Indian Prime Minister Manmohan Singh has rejected a report by the official auditor that accused his government of missing out on billions of dollars of revenue by giving away coal rights.
Singh, who has been damaged by corruption scandals and policy paralysis during his second term in office, was shouted down in both houses of parliament on Monday as opposition MPs demanded he resign over the auditor's report.
"Any allegations of impropriety are without basis and unsupported by the facts," Singh said in a released text of the speech, which was his first reaction to the accusations made 10 days ago.
"The observations of the CAG (Comptroller and Auditor General) are clearly disputable," he said, adding that he took "full responsibility" for the coal policy developed while he was acting coal minister from 2004-2009.
Opposition parties in parliament have vowed to continue protests that have forced constant adjournments of business, with the government unable to pass any legislation.
On Monday, Singh's attempt to address parliament was met with a wall of noise drowning out his speech. He later spoke outside the building, issuing an appeal to opposition parties to end their protests and to debate the report.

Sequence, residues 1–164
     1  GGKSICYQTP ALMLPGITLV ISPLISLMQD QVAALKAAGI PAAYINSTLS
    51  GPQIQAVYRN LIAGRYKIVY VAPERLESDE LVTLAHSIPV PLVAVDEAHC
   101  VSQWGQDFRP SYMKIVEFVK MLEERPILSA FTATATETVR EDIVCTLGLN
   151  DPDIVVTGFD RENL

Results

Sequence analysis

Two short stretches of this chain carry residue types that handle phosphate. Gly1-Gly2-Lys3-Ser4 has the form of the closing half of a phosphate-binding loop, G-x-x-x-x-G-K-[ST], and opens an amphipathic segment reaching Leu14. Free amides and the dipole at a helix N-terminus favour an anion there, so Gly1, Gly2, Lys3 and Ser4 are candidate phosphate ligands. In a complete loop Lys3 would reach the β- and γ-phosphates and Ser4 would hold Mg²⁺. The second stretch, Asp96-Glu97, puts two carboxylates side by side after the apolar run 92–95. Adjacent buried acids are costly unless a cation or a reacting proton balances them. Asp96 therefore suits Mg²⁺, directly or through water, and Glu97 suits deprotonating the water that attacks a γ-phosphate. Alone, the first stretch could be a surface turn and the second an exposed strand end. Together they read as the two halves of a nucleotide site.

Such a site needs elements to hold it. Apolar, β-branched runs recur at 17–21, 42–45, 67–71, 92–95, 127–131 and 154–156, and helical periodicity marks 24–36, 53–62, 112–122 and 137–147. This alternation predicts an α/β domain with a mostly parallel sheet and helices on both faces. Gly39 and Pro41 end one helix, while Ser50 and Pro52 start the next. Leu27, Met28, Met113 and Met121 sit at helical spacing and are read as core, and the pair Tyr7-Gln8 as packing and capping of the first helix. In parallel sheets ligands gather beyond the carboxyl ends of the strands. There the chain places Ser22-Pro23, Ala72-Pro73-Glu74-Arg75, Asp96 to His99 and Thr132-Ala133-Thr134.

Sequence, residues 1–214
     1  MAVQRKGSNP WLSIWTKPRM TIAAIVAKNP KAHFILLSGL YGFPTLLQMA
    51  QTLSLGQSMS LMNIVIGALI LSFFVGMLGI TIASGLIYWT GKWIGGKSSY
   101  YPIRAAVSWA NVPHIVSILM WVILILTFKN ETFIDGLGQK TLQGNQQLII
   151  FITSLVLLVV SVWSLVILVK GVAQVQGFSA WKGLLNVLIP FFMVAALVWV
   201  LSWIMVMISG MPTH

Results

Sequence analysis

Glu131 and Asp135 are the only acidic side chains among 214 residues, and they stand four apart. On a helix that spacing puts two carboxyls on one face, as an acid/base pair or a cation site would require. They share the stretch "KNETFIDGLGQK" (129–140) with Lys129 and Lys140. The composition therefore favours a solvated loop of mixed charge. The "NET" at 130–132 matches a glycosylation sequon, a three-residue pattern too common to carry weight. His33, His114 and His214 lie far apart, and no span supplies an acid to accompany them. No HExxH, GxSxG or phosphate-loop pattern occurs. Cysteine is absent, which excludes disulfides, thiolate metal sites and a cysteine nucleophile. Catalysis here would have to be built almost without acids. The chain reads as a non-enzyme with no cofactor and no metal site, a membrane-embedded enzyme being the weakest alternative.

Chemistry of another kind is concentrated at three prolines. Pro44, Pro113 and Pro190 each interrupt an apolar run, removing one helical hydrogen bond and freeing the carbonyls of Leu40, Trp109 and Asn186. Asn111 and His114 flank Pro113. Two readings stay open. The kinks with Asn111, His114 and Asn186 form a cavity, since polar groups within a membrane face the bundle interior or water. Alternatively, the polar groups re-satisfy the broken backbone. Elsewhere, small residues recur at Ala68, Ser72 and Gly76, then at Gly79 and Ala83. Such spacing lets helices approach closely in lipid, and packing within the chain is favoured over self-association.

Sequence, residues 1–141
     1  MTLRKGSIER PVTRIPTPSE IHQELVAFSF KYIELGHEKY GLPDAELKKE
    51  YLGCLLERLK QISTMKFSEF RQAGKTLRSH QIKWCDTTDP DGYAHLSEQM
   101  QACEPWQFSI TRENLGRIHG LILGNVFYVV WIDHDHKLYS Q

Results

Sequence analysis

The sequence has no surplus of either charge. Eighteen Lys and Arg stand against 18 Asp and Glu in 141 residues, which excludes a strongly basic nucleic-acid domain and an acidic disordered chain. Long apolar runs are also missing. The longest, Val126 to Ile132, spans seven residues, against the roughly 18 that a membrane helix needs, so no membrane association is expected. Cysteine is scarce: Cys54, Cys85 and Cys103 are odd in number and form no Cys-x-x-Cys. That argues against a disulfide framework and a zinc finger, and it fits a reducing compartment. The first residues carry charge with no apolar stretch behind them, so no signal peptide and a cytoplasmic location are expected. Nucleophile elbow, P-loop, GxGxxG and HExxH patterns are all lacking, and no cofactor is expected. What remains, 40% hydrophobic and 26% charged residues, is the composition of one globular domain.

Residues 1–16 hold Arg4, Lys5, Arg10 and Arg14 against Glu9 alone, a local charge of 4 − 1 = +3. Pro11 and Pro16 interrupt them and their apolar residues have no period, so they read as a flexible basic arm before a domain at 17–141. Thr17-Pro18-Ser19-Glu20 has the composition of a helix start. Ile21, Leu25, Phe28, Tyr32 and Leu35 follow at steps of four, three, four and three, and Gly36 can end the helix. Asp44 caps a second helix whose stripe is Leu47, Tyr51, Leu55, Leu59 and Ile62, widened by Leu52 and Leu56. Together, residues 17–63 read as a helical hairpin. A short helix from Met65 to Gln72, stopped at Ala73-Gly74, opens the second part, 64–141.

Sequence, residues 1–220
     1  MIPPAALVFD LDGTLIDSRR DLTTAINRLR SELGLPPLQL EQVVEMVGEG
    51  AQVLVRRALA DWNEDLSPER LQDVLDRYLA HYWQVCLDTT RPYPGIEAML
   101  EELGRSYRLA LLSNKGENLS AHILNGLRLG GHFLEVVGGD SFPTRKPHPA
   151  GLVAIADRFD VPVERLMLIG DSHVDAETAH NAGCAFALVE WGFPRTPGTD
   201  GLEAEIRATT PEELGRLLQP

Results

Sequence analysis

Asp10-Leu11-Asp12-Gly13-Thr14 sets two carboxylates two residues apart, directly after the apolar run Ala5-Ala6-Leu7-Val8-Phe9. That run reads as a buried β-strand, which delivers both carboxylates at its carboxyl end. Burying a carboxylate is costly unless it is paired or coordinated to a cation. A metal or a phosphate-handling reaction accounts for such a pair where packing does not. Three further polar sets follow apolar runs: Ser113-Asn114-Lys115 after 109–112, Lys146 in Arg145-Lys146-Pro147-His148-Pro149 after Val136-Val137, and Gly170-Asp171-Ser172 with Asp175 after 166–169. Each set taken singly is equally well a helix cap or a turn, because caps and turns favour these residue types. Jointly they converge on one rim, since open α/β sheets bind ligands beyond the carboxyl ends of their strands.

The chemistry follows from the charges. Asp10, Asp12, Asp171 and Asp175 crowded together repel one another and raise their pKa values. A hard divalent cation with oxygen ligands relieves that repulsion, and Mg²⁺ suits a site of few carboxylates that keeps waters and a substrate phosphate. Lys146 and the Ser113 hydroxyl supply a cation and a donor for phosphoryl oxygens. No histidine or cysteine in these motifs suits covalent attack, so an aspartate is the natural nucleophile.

"Let the country decide where the truth lies," the 79-year-old premier said.
The CAG report into coal allocation said private companies had made windfall gains of about $33.4 billion since 2004 after being given mining rights via a process that "lacked transparency and objectivity".
But Singh described the report as "flawed" in its analysis that competitive bidding for coal rights could have been introduced in 2006, and he criticised how it calculated the vast sums allegedly made by private companies.
"Postponing the allocation of coal blocks until the new system (of auctions) was in place would have meant lower energy production, lower GDP growth and also lower revenues," he added.
The disruption in parliament comes as India's economy is badly faltering, with investors and business leaders looking for decisive action from the government to restore confidence and spur expansion.
Quarterly economic growth slumped to its lowest level in nine years in the first three months of the year.
In his speech, Singh also said that the states ruled by the opposition such as West Bengal, Chhattisgarh, Jharkhand and Orissa had opposed competitive bidding.